Election Reform


Dead Man Voting: Report Finds Fraud Potential at NYC Board of Election

Monday, December 30, 2013


A six-month investigation has uncovered nepotism, lax protection against voter fraud, and instances of political influence at the city's Board of Elections.

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The Leonard Lopate Show

Revealing Dark Money and Big Data

Tuesday, October 09, 2012

Bradley Smith, Chairman and Co-Founder of the Center for Competitive Politics, Adam Rappaport, Chief Counsel of Citizens for Responsibility and Ethics in Washington, and ProPublica’s Kim Barker discuss how social welfare nonprofit groups, known as 501(c)(4)s are avoid regulation to finance the campaigns. They’ve already spent more than $71 million on television ads, more than all super PACs combined, according to estimates from Kantar Media's Campaign Media Analysis Group. Kim Barker has been reporting the series Revealing Dark Money and Big Data for ProPublica.

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Bloomberg and Sharpton Seek Changes to NY Election Rules

Monday, December 06, 2010


Michael Bloomberg and allies unveiled a slate of changes to state election laws that they say will make it easier to vote and help boost New York out of 47th place in the nation for the percentage of voter turnout.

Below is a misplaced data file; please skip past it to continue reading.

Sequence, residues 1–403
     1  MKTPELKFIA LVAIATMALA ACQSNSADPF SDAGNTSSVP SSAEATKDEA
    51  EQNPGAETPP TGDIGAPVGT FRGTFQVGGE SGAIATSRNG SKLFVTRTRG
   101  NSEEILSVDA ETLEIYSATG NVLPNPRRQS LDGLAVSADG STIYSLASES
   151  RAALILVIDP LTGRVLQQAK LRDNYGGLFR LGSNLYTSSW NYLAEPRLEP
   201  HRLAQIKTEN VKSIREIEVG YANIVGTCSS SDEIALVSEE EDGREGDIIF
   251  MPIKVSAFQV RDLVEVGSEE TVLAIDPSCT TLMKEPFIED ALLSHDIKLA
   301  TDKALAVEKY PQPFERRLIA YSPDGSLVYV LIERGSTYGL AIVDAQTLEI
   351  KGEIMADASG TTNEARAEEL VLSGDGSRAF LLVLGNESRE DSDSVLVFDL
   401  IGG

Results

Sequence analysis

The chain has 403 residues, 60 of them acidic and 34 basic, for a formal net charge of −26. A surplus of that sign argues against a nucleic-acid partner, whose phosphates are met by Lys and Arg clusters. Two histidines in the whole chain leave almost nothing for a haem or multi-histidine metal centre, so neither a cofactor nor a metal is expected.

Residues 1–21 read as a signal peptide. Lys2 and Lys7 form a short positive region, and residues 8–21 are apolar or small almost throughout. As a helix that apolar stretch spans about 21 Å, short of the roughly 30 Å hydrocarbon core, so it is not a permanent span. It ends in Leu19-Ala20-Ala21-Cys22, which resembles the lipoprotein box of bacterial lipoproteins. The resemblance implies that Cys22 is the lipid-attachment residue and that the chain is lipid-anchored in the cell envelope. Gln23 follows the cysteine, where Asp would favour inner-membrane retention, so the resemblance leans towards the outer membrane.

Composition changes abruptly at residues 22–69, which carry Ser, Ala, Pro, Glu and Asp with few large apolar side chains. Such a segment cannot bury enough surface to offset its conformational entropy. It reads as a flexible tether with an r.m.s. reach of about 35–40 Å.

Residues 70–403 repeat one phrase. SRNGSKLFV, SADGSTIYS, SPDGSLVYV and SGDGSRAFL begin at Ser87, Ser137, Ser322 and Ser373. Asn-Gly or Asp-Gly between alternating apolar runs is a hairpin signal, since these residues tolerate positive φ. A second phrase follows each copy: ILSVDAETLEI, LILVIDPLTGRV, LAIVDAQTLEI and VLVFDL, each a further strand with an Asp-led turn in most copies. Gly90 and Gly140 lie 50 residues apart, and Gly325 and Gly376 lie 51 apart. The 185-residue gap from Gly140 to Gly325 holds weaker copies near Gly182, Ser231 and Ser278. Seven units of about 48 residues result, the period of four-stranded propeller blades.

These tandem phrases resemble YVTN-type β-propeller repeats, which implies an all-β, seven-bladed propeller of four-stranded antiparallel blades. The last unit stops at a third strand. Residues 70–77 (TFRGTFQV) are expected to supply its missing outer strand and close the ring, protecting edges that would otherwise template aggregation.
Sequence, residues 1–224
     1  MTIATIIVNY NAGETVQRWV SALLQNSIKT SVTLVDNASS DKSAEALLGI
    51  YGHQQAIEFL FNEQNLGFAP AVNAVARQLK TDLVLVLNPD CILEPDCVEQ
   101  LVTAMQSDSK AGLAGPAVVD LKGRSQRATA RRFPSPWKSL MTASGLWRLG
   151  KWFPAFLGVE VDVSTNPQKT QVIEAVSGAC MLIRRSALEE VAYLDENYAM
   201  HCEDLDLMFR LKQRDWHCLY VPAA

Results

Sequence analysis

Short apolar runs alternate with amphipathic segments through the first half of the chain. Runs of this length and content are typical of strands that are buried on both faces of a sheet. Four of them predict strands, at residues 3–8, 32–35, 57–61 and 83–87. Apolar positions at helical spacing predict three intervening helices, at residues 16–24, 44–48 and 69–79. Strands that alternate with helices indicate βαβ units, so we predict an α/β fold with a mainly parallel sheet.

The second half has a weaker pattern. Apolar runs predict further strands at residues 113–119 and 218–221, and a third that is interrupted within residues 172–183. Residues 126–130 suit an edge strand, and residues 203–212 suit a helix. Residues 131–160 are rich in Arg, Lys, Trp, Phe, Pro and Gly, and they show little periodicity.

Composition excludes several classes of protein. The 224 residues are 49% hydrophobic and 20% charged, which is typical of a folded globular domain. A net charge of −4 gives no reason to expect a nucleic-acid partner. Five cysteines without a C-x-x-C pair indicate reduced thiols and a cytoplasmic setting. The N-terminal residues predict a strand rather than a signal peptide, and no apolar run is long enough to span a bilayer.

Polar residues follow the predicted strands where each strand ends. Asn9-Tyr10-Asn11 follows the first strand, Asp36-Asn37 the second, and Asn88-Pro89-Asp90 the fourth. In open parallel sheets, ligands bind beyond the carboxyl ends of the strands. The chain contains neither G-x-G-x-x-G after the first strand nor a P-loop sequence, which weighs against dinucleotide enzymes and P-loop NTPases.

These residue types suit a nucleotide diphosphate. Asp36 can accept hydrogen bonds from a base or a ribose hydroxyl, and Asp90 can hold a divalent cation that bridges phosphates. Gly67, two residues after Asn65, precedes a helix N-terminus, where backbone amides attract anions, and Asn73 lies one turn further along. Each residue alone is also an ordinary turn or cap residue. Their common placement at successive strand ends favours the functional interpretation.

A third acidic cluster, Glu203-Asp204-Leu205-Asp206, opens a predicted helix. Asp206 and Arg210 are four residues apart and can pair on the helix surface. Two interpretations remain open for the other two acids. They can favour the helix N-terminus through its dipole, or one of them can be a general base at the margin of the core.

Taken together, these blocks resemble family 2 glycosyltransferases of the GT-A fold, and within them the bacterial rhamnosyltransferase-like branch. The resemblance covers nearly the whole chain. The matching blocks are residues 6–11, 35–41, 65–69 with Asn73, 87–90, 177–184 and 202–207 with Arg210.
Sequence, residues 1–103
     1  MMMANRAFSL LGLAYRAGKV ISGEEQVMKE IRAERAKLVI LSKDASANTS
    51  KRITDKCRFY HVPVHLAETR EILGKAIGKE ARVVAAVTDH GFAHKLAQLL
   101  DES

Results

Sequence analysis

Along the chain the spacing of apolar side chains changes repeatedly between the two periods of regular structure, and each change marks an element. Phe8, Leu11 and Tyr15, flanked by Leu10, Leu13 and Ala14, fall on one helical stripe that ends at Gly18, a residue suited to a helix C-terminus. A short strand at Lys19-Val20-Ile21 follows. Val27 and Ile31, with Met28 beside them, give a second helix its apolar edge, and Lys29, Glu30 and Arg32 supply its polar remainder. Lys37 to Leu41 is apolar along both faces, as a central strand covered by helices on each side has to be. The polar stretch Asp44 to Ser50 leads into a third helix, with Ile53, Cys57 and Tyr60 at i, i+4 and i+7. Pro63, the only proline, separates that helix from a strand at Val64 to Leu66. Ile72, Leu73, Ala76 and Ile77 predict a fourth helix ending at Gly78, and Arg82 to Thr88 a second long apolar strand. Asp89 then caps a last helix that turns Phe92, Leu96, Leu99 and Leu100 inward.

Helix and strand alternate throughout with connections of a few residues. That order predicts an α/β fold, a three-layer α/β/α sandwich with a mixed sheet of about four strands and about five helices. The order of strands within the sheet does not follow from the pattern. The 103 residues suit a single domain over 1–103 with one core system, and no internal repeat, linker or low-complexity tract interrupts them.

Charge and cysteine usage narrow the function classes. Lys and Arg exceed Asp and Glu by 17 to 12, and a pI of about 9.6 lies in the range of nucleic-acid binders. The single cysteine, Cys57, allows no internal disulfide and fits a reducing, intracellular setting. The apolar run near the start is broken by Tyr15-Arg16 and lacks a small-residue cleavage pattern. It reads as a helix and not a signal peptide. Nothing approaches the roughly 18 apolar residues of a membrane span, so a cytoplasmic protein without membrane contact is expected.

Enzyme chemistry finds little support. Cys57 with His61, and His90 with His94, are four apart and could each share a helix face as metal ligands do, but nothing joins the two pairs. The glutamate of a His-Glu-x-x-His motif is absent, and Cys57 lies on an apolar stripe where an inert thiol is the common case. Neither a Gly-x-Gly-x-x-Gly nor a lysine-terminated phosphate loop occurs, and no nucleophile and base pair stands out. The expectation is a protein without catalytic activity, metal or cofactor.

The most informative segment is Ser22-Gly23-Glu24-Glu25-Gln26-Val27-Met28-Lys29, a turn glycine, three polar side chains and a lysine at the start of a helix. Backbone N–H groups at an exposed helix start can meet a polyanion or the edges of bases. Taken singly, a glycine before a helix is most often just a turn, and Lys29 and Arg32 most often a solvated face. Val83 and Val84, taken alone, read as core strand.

Notably, in attendance was the Rev. Al Shaprton, who said the state was in the "dark ages" when it came to rules allowing citizens to vote. Shaprton's support here is important, since his absence from another Bloomberg initiative—the creation of non-partisan elections—helped kill it.

Among the changes the Bloomberg-Sharpton coalition are seeking include offering "no-excuse" absentee ballots, the creation of an early voting period, extending the deadline to register for or switch enrollment in a political party, and allowing ballots to be filled out outside of the polling station where they are deposited.

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It's A Free Country ®

Voter Turnout Not as Bad as Thought, But Still Anemic in Certain Quarters

Monday, October 25, 2010

The people who vote tend to be better educated, higher income, they own their own homes, they are whiter, they tend to be older. So we have this skew in our electoral system...And by the way, in a midterm election that skewness is even more pronounced than in a presidential election.

- Michael McDonald,professor of government and politics at George Mason University

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